What's Up with Pica?
Pica is the name for a condition in which a person craves nonfood substances, such as dirt (geophagia), soap, laundry starch, ice, or chalk. The word “pica” actually comes from the Latin word for magpie, a bird known for eating just about anything. Pica is seen in young children and, less commonly, in pregnant women. Pica seems to occur more in African-American women and in those women who have a family or childhood history of pica.
Most women have cravings while pregnant, but most crave food substances. Pica cravings are less common, but they do occur. Because pregnant women who practice pica risk the chance of being exposed to toxicants such as lead and other harmful substances, your doctor should be notified immediately if you experience these types of cravings.
The most common substances related to pica cravings include dirt, clay, and laundry starch. Others include burnt matches, stones, charcoal, mothballs, ice, cornstarch, soap, sand, toothpaste, plaster, baking soda, paint chips, cigarette ashes, and coffee grounds.
Causes and Effects of Pica
The cause of pica is not really known. There is speculation that pica cravings occur as a result of the body's attempt to obtain vitamins and minerals that it is not getting from foods. The American Dietetic Association feels there is a possible connection between pica and iron deficiency. Still others suspect pica could be related to probable underlying physical or mental illnesses.
A pregnant woman who gives in to these unusual cravings and eats these nonfood substances can potentially harm herself and her developing fetus. These substances can interfere with the body's ability to absorb nutrients from healthy foods and can cause deficiencies. There is also a concern that the substances consumed may contain toxic or parasitic ingredients. These substances can cause all type of problems, such as bowel obstruction, constipation, and intestinal pain.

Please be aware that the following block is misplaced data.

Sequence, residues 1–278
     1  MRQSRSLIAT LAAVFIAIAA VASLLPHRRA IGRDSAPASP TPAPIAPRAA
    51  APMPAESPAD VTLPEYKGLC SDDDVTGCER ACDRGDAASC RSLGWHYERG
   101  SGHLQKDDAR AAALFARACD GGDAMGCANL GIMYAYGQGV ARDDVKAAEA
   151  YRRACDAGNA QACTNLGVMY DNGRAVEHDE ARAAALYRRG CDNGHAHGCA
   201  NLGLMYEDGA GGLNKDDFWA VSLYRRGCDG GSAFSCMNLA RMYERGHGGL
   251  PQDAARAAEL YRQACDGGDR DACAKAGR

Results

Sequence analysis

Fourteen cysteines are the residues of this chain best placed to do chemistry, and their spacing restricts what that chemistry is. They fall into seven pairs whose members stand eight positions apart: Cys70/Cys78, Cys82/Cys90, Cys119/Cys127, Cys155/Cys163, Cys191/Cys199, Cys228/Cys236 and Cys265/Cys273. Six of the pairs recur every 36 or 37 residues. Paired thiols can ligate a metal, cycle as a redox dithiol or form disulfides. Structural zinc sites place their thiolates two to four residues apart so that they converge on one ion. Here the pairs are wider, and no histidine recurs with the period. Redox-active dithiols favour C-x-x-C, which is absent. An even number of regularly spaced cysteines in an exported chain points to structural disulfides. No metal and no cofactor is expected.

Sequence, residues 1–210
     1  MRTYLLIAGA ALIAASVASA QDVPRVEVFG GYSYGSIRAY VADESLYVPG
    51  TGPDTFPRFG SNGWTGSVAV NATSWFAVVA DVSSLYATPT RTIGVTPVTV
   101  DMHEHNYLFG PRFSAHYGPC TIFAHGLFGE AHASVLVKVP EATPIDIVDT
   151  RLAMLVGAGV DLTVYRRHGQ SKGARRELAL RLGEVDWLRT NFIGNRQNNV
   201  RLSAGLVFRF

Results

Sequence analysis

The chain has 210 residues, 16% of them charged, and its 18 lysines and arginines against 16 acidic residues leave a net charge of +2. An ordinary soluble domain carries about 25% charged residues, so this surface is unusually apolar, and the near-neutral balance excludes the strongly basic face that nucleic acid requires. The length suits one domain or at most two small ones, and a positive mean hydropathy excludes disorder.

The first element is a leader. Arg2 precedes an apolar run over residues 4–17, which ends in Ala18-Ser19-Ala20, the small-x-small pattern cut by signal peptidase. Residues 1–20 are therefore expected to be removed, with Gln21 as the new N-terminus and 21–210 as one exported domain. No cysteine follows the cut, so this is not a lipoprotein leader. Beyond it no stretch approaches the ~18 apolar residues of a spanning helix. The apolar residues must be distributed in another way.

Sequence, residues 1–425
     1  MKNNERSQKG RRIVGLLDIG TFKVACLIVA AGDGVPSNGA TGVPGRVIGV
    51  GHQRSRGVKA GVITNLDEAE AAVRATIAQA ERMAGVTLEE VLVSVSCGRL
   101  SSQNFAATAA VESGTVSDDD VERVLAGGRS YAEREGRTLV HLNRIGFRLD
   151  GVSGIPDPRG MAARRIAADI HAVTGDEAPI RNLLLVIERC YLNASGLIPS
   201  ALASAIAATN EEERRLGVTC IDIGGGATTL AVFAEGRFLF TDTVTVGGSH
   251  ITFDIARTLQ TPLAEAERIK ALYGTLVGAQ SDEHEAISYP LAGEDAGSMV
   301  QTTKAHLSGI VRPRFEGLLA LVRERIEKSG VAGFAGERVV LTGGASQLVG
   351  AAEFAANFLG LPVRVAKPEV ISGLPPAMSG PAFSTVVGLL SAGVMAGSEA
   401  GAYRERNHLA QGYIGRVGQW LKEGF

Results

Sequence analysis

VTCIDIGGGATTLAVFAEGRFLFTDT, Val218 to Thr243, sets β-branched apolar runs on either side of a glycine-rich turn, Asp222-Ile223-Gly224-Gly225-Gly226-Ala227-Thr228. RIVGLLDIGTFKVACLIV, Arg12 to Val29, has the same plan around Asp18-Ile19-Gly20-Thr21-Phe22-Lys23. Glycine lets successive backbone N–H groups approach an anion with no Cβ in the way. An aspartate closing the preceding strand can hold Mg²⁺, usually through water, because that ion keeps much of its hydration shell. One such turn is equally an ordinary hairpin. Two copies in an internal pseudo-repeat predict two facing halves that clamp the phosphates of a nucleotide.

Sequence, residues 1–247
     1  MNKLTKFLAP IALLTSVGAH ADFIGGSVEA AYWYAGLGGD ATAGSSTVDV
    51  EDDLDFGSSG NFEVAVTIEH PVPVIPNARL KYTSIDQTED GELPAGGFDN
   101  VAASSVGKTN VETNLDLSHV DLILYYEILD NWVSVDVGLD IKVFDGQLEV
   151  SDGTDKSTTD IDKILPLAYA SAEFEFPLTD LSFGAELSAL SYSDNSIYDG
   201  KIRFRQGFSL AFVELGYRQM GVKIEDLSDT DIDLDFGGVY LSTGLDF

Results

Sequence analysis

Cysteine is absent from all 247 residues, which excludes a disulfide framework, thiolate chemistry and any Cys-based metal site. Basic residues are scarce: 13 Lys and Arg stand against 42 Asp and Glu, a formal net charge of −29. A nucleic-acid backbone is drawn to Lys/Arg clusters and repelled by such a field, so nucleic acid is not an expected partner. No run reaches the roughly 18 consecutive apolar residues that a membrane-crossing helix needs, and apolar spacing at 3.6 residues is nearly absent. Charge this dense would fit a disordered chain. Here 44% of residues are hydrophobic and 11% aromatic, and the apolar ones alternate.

Ice consumption in large amounts is not toxic to your system, but there is some evidence that women who eat ice daily in amounts of ½ cup to 2 cups have lower levels of iron in the blood in the second and third trimesters.
What to Do About Pica Cravings
If you experience these abnormal cravings, the first thing to do is inform your doctor immediately. Gather as much information as possible about the specific risks associated with your specific craving. Do not be embarrassed to speak to your doctor about your unusual cravings! If you have been consuming any of these substances, you may need to be tested and/or monitored for toxic substances you have ingested.
Your doctor may monitor you for nutritional deficiencies. She also may assess your iron intake along with your intake of other vitamin and minerals through both supplements and healthy foods. Try to find substitutes for your cravings. Chew sugarless gum or suck on sugarless candy. Inform your spouse or a friend who can help act as support and keep you accountable.